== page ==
interior of the ground-floor chamber. Beneath the arcading is a stone bench
which originally stepped up three bays from the east end to form a double
sedilia and piscina; the cutting of the doorway has removed part of the
sedilia. In the east wall of the chamber is a shallow altar recess, now
partly broken away and rebuilt with architectural fragments discovered during
the early 20th century excavations of the church. Sections of a round pillar,
now resting on the modern concrete floor, were found in 1908 built into the
former brick floor. Further fragments removed to this chamber include a
damaged stone effigy of a knight. The chamber clearly served as a side-chapel
to the main body of the church, with seating for the chaplains and other
members of the order. The north western corner of the tower is occupied by a
newel staircase rising through three storeys.

The east, south and west walls of the tower's first-floor chamber are
constructed of ashlar, each with a single-light lancet and round hood. The
north wall, which formerly overlooked the steeply pitched chancel roof and was
thus largely invisible from the ground, is built of rubble and has no
openings. On the interior of each wall is a pair of arched ribs, and in each
of three corners a stone corbel from which the fragments of further ribs
spring. These represent the remains of a ribvault, now destroyed.
This chamber is thus open through the second storey to the roof, a wooden
structure of the early 20th century, hipped and tiled with deeply overhanging
eaves. The second storey, which is much shorter than the lower two, has been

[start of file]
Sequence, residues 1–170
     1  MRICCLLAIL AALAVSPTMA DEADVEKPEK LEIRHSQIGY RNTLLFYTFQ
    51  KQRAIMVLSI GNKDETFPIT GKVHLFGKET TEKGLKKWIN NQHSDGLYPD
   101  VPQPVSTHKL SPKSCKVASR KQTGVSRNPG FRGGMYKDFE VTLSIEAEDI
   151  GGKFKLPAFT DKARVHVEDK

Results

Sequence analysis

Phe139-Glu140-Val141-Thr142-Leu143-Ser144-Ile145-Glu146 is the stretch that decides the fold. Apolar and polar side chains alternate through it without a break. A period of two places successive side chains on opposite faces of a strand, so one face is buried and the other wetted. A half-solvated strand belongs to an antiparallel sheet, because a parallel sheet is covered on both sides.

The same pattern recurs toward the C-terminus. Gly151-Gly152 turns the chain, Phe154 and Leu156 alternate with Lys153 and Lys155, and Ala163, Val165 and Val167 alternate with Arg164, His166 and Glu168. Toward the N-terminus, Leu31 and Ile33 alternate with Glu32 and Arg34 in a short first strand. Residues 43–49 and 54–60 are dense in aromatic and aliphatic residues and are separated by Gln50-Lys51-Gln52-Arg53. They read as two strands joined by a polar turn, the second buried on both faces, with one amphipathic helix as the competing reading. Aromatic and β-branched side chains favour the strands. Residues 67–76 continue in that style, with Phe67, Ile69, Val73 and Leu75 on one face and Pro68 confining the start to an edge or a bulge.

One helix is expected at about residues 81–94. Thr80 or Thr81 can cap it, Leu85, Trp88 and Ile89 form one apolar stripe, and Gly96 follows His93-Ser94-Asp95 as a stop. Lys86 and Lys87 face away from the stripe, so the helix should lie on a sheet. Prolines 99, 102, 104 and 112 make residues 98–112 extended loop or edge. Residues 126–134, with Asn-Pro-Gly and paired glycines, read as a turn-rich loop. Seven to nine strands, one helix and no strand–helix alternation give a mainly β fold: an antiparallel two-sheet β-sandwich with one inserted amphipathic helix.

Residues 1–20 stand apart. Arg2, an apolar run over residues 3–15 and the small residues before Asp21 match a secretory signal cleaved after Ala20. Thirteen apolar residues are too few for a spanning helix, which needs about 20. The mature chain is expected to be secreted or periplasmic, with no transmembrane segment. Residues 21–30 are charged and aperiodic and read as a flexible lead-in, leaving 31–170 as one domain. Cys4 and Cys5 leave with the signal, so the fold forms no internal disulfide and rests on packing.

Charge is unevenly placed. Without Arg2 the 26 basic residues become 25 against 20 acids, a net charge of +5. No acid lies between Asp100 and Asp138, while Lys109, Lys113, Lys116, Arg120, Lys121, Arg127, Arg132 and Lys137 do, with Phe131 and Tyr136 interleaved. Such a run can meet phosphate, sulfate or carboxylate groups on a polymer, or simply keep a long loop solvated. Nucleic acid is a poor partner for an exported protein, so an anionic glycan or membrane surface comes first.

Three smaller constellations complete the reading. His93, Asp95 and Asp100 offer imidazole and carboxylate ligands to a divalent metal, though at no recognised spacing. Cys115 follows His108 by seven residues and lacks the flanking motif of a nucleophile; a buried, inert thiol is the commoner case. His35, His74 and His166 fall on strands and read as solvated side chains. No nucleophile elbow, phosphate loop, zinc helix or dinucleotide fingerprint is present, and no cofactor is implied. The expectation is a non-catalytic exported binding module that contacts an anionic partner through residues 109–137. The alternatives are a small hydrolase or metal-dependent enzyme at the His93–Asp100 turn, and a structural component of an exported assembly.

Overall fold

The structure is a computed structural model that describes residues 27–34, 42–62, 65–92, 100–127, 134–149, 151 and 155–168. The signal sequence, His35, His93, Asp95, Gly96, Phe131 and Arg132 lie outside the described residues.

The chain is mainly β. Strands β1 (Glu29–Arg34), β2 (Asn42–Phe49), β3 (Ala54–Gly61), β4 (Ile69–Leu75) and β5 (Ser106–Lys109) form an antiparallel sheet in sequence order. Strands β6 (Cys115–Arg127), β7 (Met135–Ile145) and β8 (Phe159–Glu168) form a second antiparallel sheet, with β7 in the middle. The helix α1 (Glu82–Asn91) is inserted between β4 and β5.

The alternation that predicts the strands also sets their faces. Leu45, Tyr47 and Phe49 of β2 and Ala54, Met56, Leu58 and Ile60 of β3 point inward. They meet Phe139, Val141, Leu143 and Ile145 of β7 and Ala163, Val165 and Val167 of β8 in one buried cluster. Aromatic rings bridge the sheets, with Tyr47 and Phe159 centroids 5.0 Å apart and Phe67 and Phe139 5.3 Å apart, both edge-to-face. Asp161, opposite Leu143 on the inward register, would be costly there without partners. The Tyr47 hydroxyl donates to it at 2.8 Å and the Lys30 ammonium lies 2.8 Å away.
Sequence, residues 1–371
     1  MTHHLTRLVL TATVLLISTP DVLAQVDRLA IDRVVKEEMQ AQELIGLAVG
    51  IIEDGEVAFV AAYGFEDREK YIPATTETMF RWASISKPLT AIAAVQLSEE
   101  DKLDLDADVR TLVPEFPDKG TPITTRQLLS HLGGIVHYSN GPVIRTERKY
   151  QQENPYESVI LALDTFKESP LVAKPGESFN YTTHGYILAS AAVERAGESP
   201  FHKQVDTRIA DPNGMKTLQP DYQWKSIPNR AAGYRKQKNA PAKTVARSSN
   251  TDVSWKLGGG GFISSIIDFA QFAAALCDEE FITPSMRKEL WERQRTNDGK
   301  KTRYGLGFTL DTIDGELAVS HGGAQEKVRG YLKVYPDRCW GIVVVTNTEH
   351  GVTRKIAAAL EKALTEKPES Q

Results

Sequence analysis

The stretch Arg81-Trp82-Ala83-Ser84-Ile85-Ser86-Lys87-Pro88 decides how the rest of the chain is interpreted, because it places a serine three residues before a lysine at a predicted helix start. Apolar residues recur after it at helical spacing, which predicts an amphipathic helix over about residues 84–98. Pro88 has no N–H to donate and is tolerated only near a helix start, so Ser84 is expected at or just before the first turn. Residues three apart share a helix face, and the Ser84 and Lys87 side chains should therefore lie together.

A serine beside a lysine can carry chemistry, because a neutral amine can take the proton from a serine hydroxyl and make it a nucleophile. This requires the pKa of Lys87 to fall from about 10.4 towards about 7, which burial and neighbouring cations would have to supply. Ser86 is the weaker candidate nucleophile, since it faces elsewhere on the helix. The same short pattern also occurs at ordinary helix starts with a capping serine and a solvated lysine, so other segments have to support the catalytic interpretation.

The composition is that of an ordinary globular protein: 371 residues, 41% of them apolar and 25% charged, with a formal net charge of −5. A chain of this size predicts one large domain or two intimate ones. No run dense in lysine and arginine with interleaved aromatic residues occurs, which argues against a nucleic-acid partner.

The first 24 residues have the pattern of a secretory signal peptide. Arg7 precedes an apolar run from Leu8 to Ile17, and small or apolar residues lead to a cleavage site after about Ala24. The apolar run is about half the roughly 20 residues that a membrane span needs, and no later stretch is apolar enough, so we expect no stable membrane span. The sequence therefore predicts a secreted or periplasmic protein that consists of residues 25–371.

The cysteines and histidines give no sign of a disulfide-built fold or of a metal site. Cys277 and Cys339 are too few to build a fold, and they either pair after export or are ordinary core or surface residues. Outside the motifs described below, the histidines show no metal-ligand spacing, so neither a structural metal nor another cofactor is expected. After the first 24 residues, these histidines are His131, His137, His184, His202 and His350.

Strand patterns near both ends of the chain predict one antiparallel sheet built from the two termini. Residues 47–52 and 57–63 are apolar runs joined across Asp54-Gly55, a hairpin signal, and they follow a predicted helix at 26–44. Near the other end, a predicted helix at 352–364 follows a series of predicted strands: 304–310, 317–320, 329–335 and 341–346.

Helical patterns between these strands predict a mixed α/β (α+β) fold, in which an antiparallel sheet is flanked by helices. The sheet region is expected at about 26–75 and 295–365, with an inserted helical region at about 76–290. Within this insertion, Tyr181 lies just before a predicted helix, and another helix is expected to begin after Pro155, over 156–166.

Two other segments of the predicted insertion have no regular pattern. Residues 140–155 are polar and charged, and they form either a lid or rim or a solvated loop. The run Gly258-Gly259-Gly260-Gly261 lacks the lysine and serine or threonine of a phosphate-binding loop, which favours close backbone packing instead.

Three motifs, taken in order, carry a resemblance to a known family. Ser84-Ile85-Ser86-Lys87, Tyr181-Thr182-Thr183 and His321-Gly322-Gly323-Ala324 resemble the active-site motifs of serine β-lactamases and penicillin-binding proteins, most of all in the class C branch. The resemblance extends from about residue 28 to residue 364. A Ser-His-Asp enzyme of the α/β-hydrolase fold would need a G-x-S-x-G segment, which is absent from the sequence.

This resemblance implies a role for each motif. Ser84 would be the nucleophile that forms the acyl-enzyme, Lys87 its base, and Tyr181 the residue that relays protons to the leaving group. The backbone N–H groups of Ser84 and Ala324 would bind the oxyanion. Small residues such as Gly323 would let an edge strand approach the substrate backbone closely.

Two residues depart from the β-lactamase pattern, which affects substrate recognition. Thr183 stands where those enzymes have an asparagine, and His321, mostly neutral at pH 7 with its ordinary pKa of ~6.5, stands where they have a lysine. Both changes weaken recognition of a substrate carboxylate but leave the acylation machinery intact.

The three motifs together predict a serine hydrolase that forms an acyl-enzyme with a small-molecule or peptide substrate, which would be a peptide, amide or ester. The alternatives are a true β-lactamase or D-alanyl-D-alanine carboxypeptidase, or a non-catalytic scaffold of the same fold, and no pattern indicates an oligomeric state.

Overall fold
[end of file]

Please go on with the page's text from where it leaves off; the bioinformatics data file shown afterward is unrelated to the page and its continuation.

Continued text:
largely rebuilt. It is constructed of rubble with a small rectangular opening
in each of the east, south and west faces. The present roof is both wider and
lower than the original, which was constructed within stone battlements of
which only the south-western corner survives.

The external south western and south eastern corners of the tower are each
ornamented with a pair of flat buttresses which extend though the full height
of the building. On the north eastern corner, where the tower adjoined the
chancel, there is a flat buttress on the east wall, marked with the roof-line
of the chancel; on the north wall is a shortened projecting buttress which
begins at first-floor level with a decorative moulded bracket. At the north
end of the west wall is a similar projecting buttress, immediately above an
area of rough stonework where the chancel bonded into the tower. Here the
roof-line of the chancel is again evident. Two further scars in the west wall
represent the roof-lines of a south chapel added between the tower and nave in
the 14th century. The exterior of the tower is additionally decorated with
four horizontal chamfered bands, running along the top of the medieval plinth
and below most of the ground-, first- and second-floor windows.

To the north and west of the tower is an area of flat ground, now occupied
by a lawn, farmbuildings, a paved yard and a gravelled car park. This is the
site of the nave, chancel and north tower of the preceptory church, the
foundations of which were archaeologically excavated in 1833 and 1908. The
north wall of the existing tower was found to overlie the foundations of an
earlier, mid-12th century apsidal chancel with a vaulted crypt beneath, and a
slightly later, square-ended extension. To the north were the foundations of
a second tower, added at the same time as the chancel extension.

To the west, in the area of the present car park, were identified the remains
of a mid-12th century circular aisled nave with steps leading down to the
crypt. Yet further west were the foundations of a later porch. To the north of
both the nave and porch, stone-lined graves have been discovered, indicating
the location of part of the preceptory cemetery. The area between the nave,
chancel and south tower is the site of the large south chapel added in the
14th century. In the north western corner of the site is a buried petrol tank
sunk in the 1940s, at which time the effigy slab now in the tower was

The Knights Templars' preceptory at Temple Bruer was founded around 1150 with